Cubetrix: An instrument-like, portable, cube-shaped device; Evolution of toys and its effect on child development
Wang, Shirley, School of Engineering and Applied Science, University of Virginia
Powell, Harry, EN-Elec/Computer Engr Dept, University of Virginia
Elliott, Travis, EN-STS Dept, University of Virginia
This paper investigates a sociotechnical research topic along with outlining a technical project. The technical project produced an interactive device with visual reactions to sensory input. The design utilized motions sensor inputs and LED outputs that were integrated using a microcontroller. The software on the microcontroller was designed to operate the device’s algorithms, and the necessary hardware was unified on a single PCB board. The design was completely enclosed, simply requiring a replacement of rechargeable batteries when necessary. The motivation for this project was to ultimately create something visually appealing and fun to use while incorporating aspects of the Computer Engineering coursework to demonstrate our skills in both hardware and software design. This project presented many challenges and roadblocks. While our final product was not exactly the same as our original design, the original motivation and purpose was fulfilled.
Thus, this technical project motivated the sociotechnical research portion of this paper. Since the technical project produced a product that similarly resembles aspects of a child’s toy, a question of how such technology might affect children came about. When designing such technology, it is important to understand how it might be affecting the user and what is the intended purpose of the technological design. Thus, this research topic is intended to provide more insight into this specific industry and how technology is affecting it. The sociotechnical research is divided into two parts with a framework for analysis. The first part is investigating child development and how technology has transformed the area of children’s play. The goal of this part is to understand the history of children’s play and how it is currently changing. We also intend to see where technology is playing a role and if there are positive or negative effects on children. The second part is to identify other important stakeholders, like teachers and parents,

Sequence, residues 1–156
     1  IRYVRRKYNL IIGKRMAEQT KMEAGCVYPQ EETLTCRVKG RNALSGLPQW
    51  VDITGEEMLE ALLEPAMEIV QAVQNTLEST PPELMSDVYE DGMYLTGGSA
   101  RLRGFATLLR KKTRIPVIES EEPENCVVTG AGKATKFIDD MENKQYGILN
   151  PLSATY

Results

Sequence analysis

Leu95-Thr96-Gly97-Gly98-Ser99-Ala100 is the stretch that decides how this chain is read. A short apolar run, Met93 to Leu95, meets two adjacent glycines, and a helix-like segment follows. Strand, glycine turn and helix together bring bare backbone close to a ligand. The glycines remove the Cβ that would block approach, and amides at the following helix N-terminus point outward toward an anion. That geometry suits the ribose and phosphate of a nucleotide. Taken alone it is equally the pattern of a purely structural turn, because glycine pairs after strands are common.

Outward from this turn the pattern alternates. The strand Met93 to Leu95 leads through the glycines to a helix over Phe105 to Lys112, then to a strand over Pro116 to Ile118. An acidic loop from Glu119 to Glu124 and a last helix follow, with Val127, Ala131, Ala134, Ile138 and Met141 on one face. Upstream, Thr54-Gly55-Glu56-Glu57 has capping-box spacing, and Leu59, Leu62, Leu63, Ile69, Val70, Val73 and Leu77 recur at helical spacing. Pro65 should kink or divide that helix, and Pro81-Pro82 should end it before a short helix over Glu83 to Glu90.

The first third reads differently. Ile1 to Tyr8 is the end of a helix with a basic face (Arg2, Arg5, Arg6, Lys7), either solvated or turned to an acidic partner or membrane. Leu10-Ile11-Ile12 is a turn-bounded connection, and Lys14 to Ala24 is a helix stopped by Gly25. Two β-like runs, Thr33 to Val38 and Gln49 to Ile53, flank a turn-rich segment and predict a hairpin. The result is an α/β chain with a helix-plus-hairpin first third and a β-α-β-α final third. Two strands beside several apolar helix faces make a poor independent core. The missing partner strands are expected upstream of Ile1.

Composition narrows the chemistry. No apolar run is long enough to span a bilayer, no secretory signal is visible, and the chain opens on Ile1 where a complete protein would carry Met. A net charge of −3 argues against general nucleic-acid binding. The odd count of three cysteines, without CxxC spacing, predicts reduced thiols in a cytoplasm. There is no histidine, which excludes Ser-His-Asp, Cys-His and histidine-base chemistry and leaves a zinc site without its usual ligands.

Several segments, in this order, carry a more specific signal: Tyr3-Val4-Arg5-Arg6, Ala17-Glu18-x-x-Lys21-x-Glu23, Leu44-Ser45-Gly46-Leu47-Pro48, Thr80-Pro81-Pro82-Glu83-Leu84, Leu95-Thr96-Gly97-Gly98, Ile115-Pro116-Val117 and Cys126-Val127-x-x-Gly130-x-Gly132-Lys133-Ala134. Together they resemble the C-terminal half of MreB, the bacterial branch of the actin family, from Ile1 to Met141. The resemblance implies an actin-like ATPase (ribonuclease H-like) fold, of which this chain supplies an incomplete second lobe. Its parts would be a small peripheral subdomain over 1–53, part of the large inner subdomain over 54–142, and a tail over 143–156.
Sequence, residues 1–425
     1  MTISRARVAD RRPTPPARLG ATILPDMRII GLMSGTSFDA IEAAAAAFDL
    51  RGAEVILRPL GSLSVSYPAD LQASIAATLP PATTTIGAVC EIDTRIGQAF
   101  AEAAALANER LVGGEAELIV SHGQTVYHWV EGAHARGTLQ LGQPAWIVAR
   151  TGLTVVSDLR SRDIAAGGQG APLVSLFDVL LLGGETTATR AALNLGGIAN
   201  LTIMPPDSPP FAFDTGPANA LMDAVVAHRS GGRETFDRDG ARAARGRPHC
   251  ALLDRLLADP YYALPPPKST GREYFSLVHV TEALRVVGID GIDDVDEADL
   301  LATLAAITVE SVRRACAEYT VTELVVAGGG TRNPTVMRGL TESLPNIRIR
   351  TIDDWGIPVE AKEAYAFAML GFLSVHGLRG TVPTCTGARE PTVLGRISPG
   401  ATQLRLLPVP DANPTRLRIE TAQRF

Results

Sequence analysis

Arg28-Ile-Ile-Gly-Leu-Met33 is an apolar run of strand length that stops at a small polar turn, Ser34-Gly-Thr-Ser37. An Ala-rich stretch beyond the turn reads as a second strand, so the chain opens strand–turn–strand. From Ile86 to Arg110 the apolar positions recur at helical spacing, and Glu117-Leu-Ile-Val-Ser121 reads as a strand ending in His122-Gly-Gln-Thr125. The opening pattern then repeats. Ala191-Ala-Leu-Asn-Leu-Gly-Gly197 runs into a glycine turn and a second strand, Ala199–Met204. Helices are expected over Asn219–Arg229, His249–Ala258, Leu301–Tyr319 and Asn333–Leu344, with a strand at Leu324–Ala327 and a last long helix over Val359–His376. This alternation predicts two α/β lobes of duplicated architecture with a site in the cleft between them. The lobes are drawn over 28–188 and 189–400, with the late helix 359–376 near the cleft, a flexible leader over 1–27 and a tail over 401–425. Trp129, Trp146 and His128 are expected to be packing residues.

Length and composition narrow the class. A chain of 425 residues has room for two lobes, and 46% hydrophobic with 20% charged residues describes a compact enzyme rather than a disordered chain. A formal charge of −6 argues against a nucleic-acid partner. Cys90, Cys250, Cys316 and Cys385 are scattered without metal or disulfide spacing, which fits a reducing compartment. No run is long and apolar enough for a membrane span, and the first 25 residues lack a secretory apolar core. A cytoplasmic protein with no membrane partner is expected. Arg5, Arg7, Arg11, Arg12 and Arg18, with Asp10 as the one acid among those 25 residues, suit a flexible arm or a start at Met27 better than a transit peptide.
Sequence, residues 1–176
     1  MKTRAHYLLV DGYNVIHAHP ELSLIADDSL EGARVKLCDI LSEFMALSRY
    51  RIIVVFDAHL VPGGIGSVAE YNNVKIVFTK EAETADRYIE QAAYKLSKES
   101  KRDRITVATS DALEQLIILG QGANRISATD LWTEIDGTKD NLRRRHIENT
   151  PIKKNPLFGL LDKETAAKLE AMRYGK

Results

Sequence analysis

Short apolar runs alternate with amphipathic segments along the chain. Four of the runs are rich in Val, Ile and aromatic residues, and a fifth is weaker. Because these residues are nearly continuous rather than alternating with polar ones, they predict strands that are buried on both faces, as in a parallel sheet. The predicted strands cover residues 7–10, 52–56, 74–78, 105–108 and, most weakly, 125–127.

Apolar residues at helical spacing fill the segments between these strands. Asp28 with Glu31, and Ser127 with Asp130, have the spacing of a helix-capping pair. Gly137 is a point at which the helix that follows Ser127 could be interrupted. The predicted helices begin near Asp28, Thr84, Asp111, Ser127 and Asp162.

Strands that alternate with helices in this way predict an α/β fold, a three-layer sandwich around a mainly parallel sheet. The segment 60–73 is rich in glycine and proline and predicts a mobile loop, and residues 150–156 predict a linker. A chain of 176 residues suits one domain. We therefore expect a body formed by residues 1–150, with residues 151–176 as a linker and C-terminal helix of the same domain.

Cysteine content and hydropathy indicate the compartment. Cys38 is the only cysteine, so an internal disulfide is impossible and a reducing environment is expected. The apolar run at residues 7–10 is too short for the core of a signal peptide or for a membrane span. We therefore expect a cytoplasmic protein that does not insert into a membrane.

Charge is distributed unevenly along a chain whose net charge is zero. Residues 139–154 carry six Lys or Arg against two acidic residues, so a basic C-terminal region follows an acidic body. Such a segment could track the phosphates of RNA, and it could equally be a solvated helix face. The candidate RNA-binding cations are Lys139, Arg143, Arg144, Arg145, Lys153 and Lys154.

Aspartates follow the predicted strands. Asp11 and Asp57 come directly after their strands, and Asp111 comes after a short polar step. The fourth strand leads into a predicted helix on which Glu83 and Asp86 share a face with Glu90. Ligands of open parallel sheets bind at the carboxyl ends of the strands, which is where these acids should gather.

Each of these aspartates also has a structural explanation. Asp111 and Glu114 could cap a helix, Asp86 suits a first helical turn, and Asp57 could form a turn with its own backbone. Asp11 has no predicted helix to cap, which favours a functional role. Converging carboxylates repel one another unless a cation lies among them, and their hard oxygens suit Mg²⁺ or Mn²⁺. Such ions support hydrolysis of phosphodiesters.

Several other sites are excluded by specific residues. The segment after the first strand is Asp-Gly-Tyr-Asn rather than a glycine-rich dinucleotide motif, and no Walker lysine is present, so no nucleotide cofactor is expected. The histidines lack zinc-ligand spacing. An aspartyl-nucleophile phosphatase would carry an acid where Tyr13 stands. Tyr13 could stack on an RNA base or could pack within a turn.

who care about a child’s development. The goal of this part is to analyze these stakeholder’s perspective and why they might accept or reject this new technology in this specific area. This is important because even if the technology has objective benefits, society must accept it. The STS framework utilized throughout the paper, but mainly in the second section, is Social Construction of Technology (SCOT) which is used to identify relevant social groups and understand their differing interpretations of a technology. The idea is that society’s acceptance of a technology aids its growth. In this paper, we show that parents play a large part in a child’s development. This technology is being accepted into this specific industry because they accept this technology into their homes as a form of aiding their child’s development or keeping them entertained.
This paper includes a sociotechnical research topic along and a technical research paper which are linked by the effects of children’s toys on their development. The technical research portion involves actually designing a children’s toy with available engineering technologies, meanwhile, the sociotechnical research analyzes society’s perspective on such technologies and why it is accepted. Each portion motivates the other in understanding how technology and society interact with one another and how each can aid in the other’s development.
BS (Bachelor of Science)
flat-screen devices, children, scaffolding, embedded design
School of Engineering and Applied Science
Bachelor of Science in Computer Engineering
Technical Advisor: Harry C. Powell
STS Advisor: S. Travis Elliott
Technical Team Members: Talis Basham, Connor Park, Bryan Rombach
All rights reserved (no additional license for public reuse)